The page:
3 This action was commenced in January 1997. It was brought not only against Masterpart but also against the second defendants (“D&M”) who the plaintiffs alleged should be responsible for Masterpart's default. They had three alternative bases for this allegation:

(a) First, although the charterparty was entered into by Masterpart, Masterpart was only the nominal charterer and was a sham and/or a mere façade and/or the alter ego of D&M.

(b) Masterpart and D&M were at all material times run as a single corporate entity and therefore must be jointly liable for the breach.

(c) Masterpart entered the charterparty as an agent of D&M and therefore D&M was the undisclosed principal in the transaction.

4 Masterpart did not deny that it had wrongfully repudiated the charter. At the beginning, it sought to rely on the arbitration clause in the charterparty contract to argue that the court had no jurisdiction to hear the plaintiffs' claim but subsequently it admitted the breach of contract and fought the action solely on the issue of quantum. D&M took the stand which it maintained throughout that it was not a party to the charter contract and that it had been wrongly sued. It was supported in this position by Masterpart who said that it alone should be held responsible for any damages arising from the breach.

5 Itherefore have two main issues to decide:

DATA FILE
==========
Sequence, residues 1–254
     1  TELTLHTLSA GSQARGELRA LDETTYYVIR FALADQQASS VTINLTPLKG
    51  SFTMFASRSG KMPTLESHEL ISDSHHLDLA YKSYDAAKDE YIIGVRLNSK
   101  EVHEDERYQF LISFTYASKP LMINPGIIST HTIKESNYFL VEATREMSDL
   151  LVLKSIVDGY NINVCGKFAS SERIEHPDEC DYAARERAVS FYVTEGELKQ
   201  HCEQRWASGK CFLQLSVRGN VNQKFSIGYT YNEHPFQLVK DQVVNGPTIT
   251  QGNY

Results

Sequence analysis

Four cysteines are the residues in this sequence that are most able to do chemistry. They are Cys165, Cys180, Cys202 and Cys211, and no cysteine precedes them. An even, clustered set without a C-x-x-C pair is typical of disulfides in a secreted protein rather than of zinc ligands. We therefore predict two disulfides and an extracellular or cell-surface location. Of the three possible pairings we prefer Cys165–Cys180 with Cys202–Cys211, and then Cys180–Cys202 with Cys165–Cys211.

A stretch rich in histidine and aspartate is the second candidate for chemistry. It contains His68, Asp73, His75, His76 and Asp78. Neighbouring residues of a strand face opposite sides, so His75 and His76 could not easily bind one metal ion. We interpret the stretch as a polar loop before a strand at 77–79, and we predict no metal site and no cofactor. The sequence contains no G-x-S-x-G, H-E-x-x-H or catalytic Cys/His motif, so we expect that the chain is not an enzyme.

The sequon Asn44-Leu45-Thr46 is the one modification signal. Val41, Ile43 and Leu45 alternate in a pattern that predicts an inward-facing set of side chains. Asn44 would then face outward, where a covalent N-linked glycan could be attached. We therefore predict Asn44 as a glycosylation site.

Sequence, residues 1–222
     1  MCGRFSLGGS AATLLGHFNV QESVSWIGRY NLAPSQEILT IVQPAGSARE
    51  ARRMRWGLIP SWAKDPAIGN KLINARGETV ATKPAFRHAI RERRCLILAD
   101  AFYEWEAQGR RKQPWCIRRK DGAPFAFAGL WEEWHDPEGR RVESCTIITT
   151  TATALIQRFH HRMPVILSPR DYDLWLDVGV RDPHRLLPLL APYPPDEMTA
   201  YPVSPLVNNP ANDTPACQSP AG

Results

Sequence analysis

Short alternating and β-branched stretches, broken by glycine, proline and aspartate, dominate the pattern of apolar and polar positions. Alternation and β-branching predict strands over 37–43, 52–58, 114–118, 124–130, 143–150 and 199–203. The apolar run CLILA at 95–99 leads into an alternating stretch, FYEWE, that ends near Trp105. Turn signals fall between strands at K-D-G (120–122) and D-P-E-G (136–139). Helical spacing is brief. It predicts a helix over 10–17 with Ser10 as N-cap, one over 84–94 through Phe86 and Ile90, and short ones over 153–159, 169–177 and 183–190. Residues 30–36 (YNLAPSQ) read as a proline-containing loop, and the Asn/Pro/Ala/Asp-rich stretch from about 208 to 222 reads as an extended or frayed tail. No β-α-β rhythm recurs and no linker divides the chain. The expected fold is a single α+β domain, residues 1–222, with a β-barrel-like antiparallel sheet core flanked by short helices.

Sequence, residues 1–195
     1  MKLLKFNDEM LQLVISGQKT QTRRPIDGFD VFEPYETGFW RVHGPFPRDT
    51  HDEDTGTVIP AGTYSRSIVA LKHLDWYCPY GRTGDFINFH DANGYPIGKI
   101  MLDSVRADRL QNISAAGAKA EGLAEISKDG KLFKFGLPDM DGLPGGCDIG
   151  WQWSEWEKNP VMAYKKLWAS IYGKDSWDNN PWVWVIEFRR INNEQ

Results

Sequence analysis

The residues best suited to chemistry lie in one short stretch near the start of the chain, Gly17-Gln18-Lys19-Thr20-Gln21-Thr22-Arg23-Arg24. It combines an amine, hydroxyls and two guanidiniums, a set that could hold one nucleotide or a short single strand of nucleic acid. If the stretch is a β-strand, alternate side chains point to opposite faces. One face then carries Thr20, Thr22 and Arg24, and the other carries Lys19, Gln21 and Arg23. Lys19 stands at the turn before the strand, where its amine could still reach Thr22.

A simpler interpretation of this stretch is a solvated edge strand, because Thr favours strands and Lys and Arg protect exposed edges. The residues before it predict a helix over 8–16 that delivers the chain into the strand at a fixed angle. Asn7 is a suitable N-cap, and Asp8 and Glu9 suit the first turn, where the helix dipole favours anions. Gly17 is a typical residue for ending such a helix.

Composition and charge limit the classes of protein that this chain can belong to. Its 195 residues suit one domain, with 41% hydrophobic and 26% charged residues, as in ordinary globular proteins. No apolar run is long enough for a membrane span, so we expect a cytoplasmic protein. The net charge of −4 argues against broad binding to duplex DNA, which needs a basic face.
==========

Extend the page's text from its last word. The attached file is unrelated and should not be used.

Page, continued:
(a) whether the plaintiffs' suit against D&M can be maintained on any of the pleaded bases; and

(b) the quantum of damages to which the plaintiffs are entitled.

I will deal first with the issue of D&M's liability, if any.

D&M's position

The factual background

6 In 1991, Mr Vinod Kumar Ramgopal Didwania (“VK”) bought over D&M and gave it its present name. VK increased the paid-up capital of D&M to $5m and took up 4,999,999 of the five million issued shares. The other share was held by his wife, Mrs Nidhi Vinod Didwania. Initially, VK was also a director of the company but in early 1992, VK resigned his directorship as he was facing criminal proceedings. Mrs Didwania became a director of the company in January 1993 and in February, VK was convicted on a guilty plea and was fined. Thereafter, VK did not resume his directorship of D&M but was employed by it as a “consultant” though he described his job as being to control the sales, purchases and financing of the...